The economic power of military-fueled industry has been illustrated throughout history, and it looks like the growth of the Afghan National Security Forces will be a boon to developing industries in Afghanistan.
U.S. Army Col. John Ferrari, deputy of programs for NATO Training Mission-Afghanistan, Combined Security Transition Command-Afghanistan, discussed how NATO and coalition forces have worked to build Afghan forces while focusing on Afghan industry to support military growth during a June 4 DoDLive Bloggers Roundtable.
Ferrari said his program will have spent about $40 billion by 2011 to recruit, train, equip and sustain the Afghan army, as well as the Afghan National Police. This year, Ferrari's group has focused on an initiative called “Afghan First,” which promotes the participation of Afghan manufacturers, rather that purchasing imported equipment.
Their most-heralded success has been with Afghan boot manufacturer Kabul Milli, who not only received a contract to make the boots used by Afghan police and soldiers, but also received assistance to improve manufacturing techniques to make the boots more durable.
“In the past, we used to think we were buying boots here in Afghanistan, but it turned out that they were manufactured outside of Afghanistan and imported,” Ferrari said. “Now in our contract we specify that we're only going to buy boots that are manufactured in Afghanistan.”
Initially, the manufacturer was the only such business in the country. Since Kabul Milli won the contract and NATO said it would only buy Afghan-made boots, local competition has emerged, Ferrari said.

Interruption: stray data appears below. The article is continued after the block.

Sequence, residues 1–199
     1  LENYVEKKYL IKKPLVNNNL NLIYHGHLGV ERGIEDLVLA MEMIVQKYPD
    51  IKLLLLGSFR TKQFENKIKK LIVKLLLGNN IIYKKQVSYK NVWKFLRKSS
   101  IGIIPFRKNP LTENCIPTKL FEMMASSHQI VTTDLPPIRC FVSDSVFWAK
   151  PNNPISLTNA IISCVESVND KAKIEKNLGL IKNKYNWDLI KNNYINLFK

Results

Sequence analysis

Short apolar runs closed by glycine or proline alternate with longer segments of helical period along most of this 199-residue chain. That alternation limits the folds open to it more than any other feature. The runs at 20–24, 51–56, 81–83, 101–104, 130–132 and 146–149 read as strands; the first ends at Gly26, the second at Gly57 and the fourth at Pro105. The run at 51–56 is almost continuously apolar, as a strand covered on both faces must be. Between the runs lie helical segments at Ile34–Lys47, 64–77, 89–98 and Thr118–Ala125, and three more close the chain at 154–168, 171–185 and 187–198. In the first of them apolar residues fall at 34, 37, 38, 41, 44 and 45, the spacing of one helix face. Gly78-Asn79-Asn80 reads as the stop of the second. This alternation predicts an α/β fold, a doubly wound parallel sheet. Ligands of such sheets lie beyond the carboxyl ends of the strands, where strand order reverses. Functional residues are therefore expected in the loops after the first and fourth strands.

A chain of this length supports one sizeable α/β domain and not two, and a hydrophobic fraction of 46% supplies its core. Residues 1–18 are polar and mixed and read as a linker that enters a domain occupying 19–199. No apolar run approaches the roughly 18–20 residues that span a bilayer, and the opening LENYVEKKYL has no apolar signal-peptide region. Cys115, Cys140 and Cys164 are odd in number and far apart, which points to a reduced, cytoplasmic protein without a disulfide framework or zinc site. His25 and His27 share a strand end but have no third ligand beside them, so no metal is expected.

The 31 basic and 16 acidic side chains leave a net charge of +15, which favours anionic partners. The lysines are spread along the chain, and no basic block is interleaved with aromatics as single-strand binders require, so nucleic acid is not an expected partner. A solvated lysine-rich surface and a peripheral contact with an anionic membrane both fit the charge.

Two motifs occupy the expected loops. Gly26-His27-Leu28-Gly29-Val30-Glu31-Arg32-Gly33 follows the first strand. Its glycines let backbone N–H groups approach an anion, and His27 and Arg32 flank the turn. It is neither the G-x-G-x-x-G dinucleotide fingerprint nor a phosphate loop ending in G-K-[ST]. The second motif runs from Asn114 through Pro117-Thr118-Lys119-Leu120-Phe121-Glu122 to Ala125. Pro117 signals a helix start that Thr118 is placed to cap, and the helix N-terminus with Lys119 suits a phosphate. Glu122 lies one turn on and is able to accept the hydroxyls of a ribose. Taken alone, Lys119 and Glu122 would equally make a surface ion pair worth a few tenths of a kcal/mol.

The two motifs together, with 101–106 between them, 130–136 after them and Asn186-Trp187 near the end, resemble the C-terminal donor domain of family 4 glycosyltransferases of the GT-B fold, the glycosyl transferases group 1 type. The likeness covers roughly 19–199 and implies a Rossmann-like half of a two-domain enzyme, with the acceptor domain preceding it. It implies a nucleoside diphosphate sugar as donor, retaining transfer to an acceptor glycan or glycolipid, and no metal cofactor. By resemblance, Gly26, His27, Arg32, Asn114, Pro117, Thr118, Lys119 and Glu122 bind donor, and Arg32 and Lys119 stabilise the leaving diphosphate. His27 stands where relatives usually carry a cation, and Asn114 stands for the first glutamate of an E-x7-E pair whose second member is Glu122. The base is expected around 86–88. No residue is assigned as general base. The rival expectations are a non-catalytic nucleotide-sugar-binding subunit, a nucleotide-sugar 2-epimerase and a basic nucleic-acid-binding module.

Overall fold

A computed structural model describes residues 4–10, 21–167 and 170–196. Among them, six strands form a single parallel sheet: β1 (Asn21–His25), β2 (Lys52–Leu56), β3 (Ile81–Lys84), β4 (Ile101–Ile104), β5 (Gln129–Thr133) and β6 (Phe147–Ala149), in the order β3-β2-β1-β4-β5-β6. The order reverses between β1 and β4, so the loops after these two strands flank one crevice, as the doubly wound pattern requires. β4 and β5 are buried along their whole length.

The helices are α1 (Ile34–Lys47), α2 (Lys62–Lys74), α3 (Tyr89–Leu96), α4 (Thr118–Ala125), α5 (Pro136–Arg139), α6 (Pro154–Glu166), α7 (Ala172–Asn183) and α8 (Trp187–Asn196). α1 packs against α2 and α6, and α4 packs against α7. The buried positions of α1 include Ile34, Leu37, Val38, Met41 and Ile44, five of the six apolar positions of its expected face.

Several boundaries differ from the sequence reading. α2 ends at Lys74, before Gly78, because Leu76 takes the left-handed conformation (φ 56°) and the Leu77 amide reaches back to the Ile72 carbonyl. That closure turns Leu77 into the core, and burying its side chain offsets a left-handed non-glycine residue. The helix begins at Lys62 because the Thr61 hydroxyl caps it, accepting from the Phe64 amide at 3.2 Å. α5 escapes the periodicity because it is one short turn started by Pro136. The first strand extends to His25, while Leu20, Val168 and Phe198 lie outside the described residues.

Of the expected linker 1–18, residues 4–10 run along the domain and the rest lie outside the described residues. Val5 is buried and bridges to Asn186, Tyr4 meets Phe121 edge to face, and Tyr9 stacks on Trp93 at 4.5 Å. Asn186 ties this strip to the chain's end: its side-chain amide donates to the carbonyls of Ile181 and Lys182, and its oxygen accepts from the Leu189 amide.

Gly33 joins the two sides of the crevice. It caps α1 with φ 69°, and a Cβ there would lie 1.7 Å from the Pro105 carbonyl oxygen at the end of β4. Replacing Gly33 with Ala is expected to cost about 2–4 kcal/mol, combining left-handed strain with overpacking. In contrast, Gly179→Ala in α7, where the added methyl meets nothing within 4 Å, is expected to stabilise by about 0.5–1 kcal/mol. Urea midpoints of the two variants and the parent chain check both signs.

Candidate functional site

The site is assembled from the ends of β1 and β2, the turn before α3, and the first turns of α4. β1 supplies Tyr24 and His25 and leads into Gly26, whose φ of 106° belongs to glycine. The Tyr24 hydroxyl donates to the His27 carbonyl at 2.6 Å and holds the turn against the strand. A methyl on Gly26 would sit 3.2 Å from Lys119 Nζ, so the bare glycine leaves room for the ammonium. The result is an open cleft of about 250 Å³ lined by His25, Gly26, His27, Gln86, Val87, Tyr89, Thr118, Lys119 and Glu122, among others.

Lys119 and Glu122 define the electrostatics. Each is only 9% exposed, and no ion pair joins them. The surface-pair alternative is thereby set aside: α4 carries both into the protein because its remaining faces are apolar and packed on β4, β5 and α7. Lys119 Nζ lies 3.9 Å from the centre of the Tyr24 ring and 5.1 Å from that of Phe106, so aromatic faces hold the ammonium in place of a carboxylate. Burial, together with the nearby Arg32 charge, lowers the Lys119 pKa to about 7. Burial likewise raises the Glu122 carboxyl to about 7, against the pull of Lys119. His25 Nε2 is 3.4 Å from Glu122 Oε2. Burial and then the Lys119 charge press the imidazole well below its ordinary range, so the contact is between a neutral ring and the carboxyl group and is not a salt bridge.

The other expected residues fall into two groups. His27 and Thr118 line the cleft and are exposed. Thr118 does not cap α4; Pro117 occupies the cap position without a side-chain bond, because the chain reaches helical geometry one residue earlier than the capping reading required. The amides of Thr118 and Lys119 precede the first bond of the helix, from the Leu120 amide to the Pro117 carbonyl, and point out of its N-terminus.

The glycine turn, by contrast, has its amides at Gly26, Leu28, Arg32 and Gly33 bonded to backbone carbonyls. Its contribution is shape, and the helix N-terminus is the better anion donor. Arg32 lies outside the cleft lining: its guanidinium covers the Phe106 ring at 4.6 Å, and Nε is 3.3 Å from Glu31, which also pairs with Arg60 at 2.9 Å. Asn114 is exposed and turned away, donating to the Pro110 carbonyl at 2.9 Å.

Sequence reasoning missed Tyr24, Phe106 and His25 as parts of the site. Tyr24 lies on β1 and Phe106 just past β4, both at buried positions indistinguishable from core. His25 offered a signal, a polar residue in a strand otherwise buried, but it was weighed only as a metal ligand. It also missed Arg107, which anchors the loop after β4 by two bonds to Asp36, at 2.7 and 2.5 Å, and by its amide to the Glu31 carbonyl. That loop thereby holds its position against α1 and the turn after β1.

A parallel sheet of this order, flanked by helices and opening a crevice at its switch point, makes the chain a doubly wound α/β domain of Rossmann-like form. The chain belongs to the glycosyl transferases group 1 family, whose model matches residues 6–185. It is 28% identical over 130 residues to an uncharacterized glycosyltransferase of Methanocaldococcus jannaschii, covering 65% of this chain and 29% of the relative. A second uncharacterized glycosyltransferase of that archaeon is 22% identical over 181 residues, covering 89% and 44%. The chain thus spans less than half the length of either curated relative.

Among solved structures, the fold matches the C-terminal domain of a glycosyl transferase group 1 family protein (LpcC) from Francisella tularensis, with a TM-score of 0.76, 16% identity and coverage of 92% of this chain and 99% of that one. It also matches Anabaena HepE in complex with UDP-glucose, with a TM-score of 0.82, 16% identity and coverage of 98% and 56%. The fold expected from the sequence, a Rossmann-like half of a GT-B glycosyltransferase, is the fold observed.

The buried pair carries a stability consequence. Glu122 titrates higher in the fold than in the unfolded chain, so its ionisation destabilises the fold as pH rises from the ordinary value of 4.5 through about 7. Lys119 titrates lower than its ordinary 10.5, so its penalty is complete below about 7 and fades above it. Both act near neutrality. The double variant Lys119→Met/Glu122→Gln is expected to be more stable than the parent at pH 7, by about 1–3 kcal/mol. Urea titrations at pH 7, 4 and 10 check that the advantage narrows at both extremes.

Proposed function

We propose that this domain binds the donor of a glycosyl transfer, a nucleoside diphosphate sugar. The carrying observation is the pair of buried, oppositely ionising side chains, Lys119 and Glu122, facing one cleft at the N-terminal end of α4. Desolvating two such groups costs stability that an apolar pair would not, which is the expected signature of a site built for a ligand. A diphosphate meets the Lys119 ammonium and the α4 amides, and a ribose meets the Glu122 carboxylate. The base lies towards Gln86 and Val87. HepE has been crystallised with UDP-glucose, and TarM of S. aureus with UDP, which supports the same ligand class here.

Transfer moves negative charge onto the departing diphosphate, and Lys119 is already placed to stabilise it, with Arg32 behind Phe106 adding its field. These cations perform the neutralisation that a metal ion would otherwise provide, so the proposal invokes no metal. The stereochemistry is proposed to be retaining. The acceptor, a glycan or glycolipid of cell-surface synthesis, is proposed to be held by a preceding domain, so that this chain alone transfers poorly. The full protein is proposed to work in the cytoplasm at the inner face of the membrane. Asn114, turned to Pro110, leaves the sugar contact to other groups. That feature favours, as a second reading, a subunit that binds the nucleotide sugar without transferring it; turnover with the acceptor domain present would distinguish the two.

“A few other companies heard we wanted to buy locally manufactured boots, and just two weeks ago I went out and visited two new factories rising from the ground, where nothing existed before, to make boots,” he said. “And so there's an example of the economy and the private sector reacting to a known market demand.”
There have been similar recent spikes in growth for other industries to support military needs. Afghanistan-based clothing manufacturers are making uniforms, though no textile factories exist there yet, so fabric still is imported. Blankets, poncho liners, and other items issued to soldiers will soon be made by Afghans, as well, Ferrari said.
“We're also about a week or two away from awarding a multiple-award contract for individual soldier equipment to women-only-owned businesses,” he said.
A new company has been created to build furniture for Afghan security forces in Policharki, near Kabul. Another company is learning to build facilities out of connexes – the metal shipping containers one might see stacked on a barge.
“As we're buying furniture for the Afghan security forces, we can go to them,” Ferrari said. “And then, another place we've recently been to is learning how to make facilities … so instead of importing those connexes, we will look at getting them up to the quality that we need and they will be able to do that.”